“I remember when I was younger, I would give my friend a call and I would say, I’m in so much pain today, or my wheelchair is causing me to get so many stares in public or someone said something rude to me. I would call my friends and I would just have them sympathize with me. Your able-bodied peers can’t understand those types of challenges and how they really feel, so having that community in your local area is so important to have that support system of people who intimately understand disability. It’s something that I still have and like I said, I still keep in contact with these people to this day. These bonds are incredible and they’re fostered through these summer camps and I think that’s so important.”

Community is everything. It’s definitely something we believe at Burn Boot Camp. You also mentioned that you found your voice through camp. How has camp empowered you and how the donations bring this dream to reality?

“I remember I was pulled out of lunch one day at summer camp. I was sat down in an interview-style setting with a camera and lights, just like we are in here now. I was about eight years old and they were like, just answer a few questions for me. And of course, I was in all my camp gear. I was probably dressed up in the theme of the day, and I got to speak to a camera for the first time. I truly felt empowered later on when seeing the video on the internet and seeing the comments and how it helped bring people to camp or to donate. It just led me to want to do more and to advocate for disability and just community and understanding.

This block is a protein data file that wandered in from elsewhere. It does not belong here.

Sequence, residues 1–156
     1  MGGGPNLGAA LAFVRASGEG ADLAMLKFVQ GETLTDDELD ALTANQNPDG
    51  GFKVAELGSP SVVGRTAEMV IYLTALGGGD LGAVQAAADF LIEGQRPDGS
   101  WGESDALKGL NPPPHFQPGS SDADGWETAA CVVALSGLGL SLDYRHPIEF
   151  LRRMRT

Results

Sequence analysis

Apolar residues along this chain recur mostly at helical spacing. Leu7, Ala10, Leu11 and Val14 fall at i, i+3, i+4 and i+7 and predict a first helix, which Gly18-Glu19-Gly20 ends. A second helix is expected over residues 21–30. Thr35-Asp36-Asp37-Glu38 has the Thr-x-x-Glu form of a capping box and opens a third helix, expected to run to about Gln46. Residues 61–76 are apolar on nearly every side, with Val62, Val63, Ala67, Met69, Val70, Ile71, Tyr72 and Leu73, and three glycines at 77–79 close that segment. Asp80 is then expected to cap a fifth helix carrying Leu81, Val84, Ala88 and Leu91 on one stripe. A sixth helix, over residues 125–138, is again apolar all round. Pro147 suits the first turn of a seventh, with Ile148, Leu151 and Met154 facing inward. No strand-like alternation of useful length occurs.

I don’t know where I would be if I didn’t have that experience year after year with the MDA coming in and asking me to do interviews. I just think there’s something therapeutic about being able to speak about your life and have it affect other people and sometimes enact change. I think it was really something to be an eight-year-old in front of a camera and to be given that first glimpse of a voice. And it’s just impacted me to this day. So, I don’t know where I would be without that.”

We were really touched personally last year when you said you’re navigating a world that wasn’t built for you, and you’re trying to change that from within. That just really put things into perspective for us. Can you speak on that a little?

“Our world is designed for able-bodied people. Doors are heavy. Sidewalks don’t have curbs. Sometimes there aren’t enough elevators or ramps. Whenever I started using my wheelchair more regularly, I discovered these challenges. I did some digging into the law and how this relates and I just became passionate about advocating for change. I just don’t want anyone to feel the way that I feel when I can’t get somewhere in my wheelchair because there’s not an elevator or a ramp. I feel defeated and I feel as if I’m not welcome in a space.